Mortivore – This, like Lord of Extinction lower down, is a brilliant card, as it will get stronger as the game progresses and more creature cards enter the graveyard. Plus it can regenerate. Cool beans.

Asceticism – Gives all of your creatures hexproof and the ability to regenerate. This enchantment’s only downfall is that it itself is not hexproof, so can be targeted and removed. Still, not bad.

Bellowing Tanglewurm – This one allows most of your creatures to go on the offensive with the intimidate ability.

Drana, Kalastria Bloodchief – Flying creatures may be in short supply in this deck, so this legendary really is a blessing. With the ability to weaken an enemy and stengthen itself (effectively being able to remove other cards) is nice too.

Lord of Extinction – This is like a powered up version of Mortivore, as its power and toughness are equal to the number of all cards in all graveyards. More often than not he’ll be super powerful by the time he comes onto the battlefield.

Spiritmonger – He starts powerful, he gets stronger, he has regenerate, and can even switch colour if necessary.

Vulturous Zombie – Flying, and once again gets stronger as cards enter an opponent’s graveyard. A necessary card.

Gleancrawler – This is fairly self-explanatory. Keeps your guys on the field.

Pelakka Wurm – Strong, gain life, draw card, trample. Yep.


So, what do you think? I managed to cut it down to 60, finally.

And another quick reminder to, if you haven’t already, follow me on various things! Here’s my Twitter, the official Facebook page, you can follow via email or WordPress using the links on the sidebar, or follow using the RSS feed here. Thanks!



New Elder Scrolls Online Trailer – Arrival

I am if anything hesitant to put out so much information for a game I am not likely to get, but here is the new (long) trailer for The Elder Scrolls Online, titled “Arrival”.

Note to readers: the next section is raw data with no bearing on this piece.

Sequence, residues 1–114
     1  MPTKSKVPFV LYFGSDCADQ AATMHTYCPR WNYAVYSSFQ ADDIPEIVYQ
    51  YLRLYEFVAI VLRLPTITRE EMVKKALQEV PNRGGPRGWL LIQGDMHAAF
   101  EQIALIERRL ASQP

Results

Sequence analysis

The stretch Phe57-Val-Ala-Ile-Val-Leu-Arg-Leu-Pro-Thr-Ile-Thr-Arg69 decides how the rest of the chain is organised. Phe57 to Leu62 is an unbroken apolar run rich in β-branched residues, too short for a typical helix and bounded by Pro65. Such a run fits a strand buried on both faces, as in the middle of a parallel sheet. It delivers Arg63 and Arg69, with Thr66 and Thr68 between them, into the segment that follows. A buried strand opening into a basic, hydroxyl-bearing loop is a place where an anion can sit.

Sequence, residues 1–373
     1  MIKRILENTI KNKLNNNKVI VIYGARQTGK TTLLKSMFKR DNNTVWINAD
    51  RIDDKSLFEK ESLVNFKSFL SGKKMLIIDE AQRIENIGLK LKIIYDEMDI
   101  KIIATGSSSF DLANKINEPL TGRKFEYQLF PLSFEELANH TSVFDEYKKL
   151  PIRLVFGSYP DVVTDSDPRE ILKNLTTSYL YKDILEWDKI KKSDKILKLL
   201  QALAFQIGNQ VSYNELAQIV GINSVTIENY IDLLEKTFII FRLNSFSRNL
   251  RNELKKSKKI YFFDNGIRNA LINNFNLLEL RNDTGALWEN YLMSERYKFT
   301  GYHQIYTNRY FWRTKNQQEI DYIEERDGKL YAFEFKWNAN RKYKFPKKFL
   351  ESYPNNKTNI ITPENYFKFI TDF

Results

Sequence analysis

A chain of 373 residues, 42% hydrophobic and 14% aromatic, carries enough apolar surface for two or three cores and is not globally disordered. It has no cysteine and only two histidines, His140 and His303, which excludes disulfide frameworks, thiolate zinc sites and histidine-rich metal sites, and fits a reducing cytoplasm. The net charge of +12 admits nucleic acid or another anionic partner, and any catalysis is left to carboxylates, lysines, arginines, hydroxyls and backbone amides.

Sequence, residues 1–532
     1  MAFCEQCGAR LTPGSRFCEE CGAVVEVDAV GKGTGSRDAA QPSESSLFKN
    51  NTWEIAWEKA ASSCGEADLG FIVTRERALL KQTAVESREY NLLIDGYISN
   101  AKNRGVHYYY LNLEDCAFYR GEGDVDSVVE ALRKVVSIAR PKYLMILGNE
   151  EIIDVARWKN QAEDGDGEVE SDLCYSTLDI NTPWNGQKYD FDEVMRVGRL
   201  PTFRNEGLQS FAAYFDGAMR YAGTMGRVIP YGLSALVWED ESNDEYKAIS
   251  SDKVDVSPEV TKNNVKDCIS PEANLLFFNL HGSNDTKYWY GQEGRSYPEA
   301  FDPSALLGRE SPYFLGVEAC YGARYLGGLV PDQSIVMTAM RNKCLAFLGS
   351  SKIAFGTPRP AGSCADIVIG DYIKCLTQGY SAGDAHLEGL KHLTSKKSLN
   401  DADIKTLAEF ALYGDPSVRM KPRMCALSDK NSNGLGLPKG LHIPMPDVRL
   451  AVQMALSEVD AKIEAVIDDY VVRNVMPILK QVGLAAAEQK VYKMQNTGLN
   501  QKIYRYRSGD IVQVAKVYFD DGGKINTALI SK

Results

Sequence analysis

Among showing lots of jumping around and stuff, it also hints at some kind of undead (maybe Draugr, maybe not), and a nice view of the Imperial City.


Poll of the Week 29.01.2014

Trailer for Game of Thrones Season 4: Ice and Fire “A Foreshadowing”

Sunday Things 26.01.2014

Lo and behold there is another new Skywind trailer out, this one entitled “Savagery“. While it obviously showcases some of the redesigned creatures, I’m guessing that the title is also a reference to the savagery of Morrowind’s landscape, with it’s barren rocks and brooding swamps. Take a look see!

Grinning Malice Deck Build

Grinning Malice, Rakdos, Red & Black Deck


Sometimes, there’s nothing better than taking the evil route. Who wouldn’t want all that power?


With that in mind, we come to the Grinning Malice deck, from the expansion. This one is all about (as you might expect from a red and black deck) attacking outright with damaging spells (red), and using creature deaths to empower yourself (black). So, here’s what I’ve come up with.

  • 4x Evolving Wilds
  • 2x Bloodchief Ascension
  • 1x Dragonmaster Outcast
  • 2x Stabbing Pain
  • 2x Vexing Devil
  • 1x Demonic Tutor
  • 2x Onyx Mage
  • 2x Sootstoke Kindler
  • 3x Terminate
  • 2x Blightning
  • 2x Blood Cultist
  • 1x Heat Shimmer
  • 2x Hissing Iguana
  • 1x Pain Magnification
  • 2x Rockslide Elemental
  • 2x Ashenmoore Liege
  • 1x Blazing Sceptre
  • 2x Hellhole Rats
  • 2x Scavenger Drake
  • 2x Wrecking Ball
  • 2x Bitumous Blast
  • 4x Demigod of Revenge
  • 2x Grave Titan
  • 1x Massacre Wurm
  • 12x Mountains
  • 11x Swamp

Total of 70 cards.

And here is a quick check of the cards themselves. Specific details can be found on the Wizards website here:

Evolving Wilds – Self explanatory, you need lands.

Bloodchief Ascension – This is a nice one to start off with when you have little else to play. It’s not a make-or-break card, and it doesn’t matter too much if it gets removed, but nevertheless can be a great boon to help you recover precious life mid to late game.